The kiddos are used to the internet and its role in the world of commerce. If they had the opportunity, and maybe a working credit card, there are all sorts of crazy things they’d like to buy!

At some point, the Anna’s and Isaac’s out in the universe could find themselves on your website. They might see that cool Fortnight poster, or that broom for mom, and buy it without a second thought.

Final Thoughts

An accidental purchase from your company is an experience that everyone will remember. Handle it with grace, and you’ll be remembered for all the right reasons. Keep a stick in your butt and your company will forever be known as the child haters.

Don’t forget, those parents, or maybe even the kids, could turn into repeat customers in the future!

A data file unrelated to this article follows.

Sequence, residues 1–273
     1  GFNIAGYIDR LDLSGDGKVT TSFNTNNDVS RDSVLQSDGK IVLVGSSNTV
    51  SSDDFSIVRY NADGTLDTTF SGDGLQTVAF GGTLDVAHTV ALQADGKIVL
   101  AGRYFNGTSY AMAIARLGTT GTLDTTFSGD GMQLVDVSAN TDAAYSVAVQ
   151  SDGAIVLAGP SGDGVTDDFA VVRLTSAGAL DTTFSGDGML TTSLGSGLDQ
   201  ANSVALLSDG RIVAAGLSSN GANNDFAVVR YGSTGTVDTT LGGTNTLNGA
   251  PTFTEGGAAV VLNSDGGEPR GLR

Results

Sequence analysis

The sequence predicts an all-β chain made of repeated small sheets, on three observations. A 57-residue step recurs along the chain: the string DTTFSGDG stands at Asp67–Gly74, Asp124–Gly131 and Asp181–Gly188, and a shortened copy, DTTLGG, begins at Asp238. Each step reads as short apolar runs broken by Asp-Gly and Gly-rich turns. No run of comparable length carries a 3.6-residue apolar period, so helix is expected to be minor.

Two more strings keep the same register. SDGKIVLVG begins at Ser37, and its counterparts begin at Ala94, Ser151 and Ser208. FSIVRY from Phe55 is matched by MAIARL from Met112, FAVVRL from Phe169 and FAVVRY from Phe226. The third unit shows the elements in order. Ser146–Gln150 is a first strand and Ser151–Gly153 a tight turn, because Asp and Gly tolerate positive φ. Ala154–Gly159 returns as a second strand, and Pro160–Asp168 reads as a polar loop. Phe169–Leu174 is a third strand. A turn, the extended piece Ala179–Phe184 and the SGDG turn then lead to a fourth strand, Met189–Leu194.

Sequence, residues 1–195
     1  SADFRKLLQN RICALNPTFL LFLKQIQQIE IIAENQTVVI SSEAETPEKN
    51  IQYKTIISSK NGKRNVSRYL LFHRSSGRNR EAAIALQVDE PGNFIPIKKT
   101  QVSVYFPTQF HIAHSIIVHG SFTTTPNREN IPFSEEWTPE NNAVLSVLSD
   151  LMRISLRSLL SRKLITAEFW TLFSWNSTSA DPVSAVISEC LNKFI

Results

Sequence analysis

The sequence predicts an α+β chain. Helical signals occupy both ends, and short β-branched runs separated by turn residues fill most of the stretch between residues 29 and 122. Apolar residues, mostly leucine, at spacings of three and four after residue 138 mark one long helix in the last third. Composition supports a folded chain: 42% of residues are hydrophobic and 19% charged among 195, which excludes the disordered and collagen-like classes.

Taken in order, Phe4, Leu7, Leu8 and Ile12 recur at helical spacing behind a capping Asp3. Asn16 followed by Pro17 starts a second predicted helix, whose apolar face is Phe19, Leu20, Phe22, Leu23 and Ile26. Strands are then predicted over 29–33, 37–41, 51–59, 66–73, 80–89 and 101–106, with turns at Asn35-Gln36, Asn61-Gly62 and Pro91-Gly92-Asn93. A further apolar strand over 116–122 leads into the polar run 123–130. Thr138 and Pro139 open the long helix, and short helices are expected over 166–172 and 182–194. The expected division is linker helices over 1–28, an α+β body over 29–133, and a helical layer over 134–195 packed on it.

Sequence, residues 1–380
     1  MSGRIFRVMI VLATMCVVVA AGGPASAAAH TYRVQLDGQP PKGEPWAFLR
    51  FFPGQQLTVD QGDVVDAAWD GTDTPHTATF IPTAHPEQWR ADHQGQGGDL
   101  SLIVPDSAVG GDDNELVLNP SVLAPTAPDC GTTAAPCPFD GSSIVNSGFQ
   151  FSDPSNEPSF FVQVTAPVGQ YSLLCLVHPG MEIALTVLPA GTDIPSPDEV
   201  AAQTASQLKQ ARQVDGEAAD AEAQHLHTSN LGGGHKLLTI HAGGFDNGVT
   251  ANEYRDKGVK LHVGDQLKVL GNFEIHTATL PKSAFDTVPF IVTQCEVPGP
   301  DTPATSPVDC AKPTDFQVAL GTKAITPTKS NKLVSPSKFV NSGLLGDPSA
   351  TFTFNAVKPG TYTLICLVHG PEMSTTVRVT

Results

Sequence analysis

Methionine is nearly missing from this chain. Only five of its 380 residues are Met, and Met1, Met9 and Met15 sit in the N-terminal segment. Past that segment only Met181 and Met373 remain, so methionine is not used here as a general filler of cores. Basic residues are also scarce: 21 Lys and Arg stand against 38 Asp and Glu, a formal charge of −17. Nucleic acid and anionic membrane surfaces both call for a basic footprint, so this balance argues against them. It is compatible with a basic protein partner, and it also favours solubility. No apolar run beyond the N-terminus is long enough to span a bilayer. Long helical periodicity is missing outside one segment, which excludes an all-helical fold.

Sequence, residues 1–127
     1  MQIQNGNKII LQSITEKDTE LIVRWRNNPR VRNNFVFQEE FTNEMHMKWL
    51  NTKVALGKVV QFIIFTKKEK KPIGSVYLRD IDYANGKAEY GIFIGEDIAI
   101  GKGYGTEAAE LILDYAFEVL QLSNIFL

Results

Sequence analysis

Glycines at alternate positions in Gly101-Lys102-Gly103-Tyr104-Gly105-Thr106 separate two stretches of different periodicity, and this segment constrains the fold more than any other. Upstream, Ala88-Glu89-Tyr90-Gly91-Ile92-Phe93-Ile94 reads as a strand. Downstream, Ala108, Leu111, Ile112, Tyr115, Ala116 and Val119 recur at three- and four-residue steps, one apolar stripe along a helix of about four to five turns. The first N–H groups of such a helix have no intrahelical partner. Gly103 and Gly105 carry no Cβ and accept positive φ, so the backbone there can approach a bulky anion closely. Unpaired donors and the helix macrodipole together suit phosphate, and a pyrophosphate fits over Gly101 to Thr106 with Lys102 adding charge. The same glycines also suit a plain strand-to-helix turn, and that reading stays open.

References

National Center for Education. (2018). Children’s Access to and Use of the Internet. Retrieved from https://nces.ed.gov/programs/coe/pdf/coe_cch.pdf

Rabe, B. (2019, March 31). 5 Must-See Infographics on the Value of Brand Authenticity. Retrieved from https://www.visioncritical.com/blog/brand-authenticity-infographics

Olenski, S. (2018, June 15). The CMO’s Guide to Using Humor in Marketing. Retrieved May 1, 2019, from https://www.forbes.com/sites/steveolenski/2018/06/15/the-cmos-guide-to-using-humor-in-marketing/#563e840062bf

Wallace, T. (2019). Modern Consumer Behavior in the New Omni-Channel World + 31 Expert Tips to Dominate it Now. Retrieved May 1, 2019, from https://www.bigcommerce.com/blog/consumer-behavior-infographic/#is-it-that-shoppers-arent-shopping

Viz. (2018, January 8). 50 Statistics About Retail Marketing and Consumer Shopping Trends. Retrieved May 1, 2019, from https://v12data.com/blog/50-statistics-about-retail-marketing-and-consumer-shopping-trends/

HICX Solutions. (2013, August 8). Supplier Management Statistics. Retrieved May 2, 2019, from https://www.hicxsolutions.com/fact-42-7-of-all-statistics-are-made-on-the-spot/

Status Labs. (2019). 72 Reputation Management Stats for 2019. Retrieved May 2, 2019, from https://statuslabs.com/reputation-management-stats-2019/